DVD Capturing Coastal Moods || Ray Balkwill

The title of this give you an implicit hint as to what it isn’t. It’s not a guide to painting maritime subjects. How so? Well, as Ray tells us at the beginning, “I’m a great advocate of working on location. A sense of place is important, not just to capture what I see, but what I feel.” And that’s the essence of what he’s demonstrating here: it’s not the coast, it’s the mood. He continues, “I’ve painted here a few times. It’s that connection with the place that’s important”. It’s a theme that pervades the entire film and, since we’re quoting, here’s another: “I’m not looking to make an accurate representation, I’m looking to make a picture … as long as it looks like a boat, I’m happy.” (I’ve conflated two things, there, but you get the …er… picture).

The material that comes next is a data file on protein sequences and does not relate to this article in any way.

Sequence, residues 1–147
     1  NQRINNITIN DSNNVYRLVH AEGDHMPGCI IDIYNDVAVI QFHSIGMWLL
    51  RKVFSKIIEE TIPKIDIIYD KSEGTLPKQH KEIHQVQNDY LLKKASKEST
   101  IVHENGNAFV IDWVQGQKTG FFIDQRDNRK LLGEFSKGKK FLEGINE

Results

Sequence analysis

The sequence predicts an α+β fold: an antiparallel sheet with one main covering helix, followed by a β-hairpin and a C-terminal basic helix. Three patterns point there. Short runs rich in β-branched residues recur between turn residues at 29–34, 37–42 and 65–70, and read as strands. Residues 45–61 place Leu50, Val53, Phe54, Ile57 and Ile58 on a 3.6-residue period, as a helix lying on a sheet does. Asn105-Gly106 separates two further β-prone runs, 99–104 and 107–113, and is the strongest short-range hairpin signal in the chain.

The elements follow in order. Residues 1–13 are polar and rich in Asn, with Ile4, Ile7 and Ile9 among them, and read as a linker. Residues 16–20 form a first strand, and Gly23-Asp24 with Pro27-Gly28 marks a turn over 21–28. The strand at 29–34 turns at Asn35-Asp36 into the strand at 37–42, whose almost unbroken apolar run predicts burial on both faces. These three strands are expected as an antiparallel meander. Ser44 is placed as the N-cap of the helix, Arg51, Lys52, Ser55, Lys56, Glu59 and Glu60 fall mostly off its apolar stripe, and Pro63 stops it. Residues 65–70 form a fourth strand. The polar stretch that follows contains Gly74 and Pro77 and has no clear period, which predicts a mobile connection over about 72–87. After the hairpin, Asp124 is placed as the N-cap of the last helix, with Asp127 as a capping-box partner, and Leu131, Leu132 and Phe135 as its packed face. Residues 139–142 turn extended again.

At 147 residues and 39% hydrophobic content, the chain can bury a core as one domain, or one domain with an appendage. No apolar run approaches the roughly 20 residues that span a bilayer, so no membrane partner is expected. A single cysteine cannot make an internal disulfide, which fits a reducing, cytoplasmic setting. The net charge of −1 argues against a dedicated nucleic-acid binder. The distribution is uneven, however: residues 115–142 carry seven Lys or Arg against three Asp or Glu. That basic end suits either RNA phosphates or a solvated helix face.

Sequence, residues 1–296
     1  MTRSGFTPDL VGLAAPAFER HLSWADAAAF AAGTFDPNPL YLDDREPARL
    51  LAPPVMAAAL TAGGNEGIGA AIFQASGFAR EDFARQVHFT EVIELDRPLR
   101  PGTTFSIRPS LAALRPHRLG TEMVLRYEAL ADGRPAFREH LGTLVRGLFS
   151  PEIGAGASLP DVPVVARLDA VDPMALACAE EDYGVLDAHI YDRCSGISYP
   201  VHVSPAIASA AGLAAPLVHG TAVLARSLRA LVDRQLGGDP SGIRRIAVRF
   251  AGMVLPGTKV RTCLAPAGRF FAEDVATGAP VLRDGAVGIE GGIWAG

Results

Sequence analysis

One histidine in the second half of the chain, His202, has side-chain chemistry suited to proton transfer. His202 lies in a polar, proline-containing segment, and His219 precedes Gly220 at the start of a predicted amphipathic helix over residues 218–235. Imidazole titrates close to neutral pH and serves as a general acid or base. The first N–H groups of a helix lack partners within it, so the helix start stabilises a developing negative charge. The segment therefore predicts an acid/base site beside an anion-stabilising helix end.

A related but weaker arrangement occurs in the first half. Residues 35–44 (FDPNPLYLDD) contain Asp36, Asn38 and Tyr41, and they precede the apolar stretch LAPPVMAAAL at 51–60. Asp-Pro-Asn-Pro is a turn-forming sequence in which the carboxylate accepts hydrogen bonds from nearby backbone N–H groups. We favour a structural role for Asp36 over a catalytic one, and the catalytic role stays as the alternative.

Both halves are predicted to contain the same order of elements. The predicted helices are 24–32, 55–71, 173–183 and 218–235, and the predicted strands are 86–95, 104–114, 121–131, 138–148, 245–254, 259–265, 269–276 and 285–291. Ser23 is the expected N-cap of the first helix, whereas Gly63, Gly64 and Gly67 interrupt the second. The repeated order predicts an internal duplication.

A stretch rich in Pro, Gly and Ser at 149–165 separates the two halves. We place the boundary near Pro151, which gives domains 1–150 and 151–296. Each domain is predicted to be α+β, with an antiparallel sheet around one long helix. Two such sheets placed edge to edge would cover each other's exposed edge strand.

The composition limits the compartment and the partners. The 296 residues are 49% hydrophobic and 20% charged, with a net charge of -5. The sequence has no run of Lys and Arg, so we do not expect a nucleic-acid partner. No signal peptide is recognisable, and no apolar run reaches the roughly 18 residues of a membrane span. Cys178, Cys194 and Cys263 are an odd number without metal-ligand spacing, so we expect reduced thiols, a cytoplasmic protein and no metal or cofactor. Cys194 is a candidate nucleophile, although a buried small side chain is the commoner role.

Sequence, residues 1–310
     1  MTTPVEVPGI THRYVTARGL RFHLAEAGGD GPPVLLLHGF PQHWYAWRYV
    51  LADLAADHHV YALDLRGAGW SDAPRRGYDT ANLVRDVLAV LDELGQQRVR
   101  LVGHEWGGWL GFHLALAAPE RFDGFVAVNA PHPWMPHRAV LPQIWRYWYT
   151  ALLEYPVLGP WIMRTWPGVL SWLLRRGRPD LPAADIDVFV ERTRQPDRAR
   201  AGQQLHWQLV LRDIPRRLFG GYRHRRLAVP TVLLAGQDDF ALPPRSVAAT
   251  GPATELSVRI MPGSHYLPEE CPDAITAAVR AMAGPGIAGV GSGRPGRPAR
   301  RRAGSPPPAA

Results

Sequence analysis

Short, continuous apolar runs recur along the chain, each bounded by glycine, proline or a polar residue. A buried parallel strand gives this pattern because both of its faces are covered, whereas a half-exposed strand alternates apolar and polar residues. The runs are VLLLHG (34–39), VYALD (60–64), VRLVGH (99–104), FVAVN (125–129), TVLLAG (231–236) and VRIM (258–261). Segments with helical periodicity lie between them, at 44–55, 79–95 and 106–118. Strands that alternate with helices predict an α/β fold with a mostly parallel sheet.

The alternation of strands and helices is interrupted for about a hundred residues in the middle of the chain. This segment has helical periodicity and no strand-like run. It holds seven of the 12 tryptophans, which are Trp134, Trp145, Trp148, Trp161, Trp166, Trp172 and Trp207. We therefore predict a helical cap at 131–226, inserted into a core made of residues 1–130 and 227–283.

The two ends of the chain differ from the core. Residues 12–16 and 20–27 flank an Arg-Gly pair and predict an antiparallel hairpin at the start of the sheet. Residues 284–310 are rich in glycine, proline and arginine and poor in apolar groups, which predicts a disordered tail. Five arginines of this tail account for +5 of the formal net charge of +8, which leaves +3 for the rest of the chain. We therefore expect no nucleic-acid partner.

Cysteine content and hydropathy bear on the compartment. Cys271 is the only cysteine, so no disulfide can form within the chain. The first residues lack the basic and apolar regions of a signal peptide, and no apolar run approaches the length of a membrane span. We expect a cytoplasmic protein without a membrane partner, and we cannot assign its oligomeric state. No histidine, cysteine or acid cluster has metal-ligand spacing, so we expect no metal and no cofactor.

Ray is known as a mixed media artist, but I’m going to burst another bubble while I’m on a roll. He’s not. What I mean is that he doesn’t paint mixed media because that’s how he’s pigeon-holed himself. He’s not really a media man at all. Yes, he uses pencil, felt-tip, Conté, pastel and gouache, almost always in that order, but only because they’re what he needs for a particular effect. It’s more like a conductor bringing in the various parts of the orchestra to provide tone, shade and colour – highlighting the violins here, backing them up with woodwinds and cellos, adding colour with the brass and then using tympani to bring the whole thing to a crescendo. I should also say that Ray not only makes this look the most natural thing in the world (you may even conclude that using only one medium is to restrict yourself quite unnecessarily), but also easy. It isn’t, of course, and it’s his supreme confidence and virtuosity that allow him to achieve what he does.